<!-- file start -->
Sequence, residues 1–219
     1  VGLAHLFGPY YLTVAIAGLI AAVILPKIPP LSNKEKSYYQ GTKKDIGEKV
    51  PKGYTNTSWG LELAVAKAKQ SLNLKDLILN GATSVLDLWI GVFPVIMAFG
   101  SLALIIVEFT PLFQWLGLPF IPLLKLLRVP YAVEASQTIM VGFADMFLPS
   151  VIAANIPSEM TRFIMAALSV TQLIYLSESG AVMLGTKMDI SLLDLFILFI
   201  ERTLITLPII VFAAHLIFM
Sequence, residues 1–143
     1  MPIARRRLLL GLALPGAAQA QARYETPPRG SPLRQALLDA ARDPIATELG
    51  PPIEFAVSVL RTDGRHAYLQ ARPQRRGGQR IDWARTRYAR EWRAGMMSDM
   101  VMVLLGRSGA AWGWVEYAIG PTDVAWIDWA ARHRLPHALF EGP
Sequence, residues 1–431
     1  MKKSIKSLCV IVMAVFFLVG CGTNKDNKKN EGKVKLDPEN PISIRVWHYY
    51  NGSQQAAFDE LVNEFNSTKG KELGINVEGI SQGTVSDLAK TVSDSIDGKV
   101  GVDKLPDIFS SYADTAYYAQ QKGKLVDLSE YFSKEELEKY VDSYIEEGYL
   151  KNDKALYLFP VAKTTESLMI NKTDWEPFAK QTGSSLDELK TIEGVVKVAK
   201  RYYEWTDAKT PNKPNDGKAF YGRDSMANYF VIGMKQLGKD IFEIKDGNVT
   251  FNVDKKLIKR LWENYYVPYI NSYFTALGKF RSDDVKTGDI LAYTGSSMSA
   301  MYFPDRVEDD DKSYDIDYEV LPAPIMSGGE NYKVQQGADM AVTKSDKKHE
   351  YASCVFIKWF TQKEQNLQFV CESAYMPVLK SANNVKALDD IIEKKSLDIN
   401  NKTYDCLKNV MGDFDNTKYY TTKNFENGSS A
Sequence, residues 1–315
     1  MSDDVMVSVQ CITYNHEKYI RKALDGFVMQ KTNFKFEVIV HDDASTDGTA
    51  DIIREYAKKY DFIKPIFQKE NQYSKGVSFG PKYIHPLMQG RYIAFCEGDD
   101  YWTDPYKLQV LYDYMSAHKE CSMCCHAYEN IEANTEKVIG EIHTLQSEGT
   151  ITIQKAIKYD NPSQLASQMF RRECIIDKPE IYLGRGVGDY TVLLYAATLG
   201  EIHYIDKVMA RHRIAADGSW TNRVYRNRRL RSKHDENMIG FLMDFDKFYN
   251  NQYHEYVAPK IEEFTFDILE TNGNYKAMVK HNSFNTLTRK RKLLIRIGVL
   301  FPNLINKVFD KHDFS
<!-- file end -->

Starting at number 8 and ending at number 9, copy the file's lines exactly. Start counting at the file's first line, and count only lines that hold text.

     1  MPIARRRLLL GLALPGAAQA QARYETPPRG SPLRQALLDA ARDPIATELG
    51  PPIEFAVSVL RTDGRHAYLQ ARPQRRGGQR IDWARTRYAR EWRAGMMSDM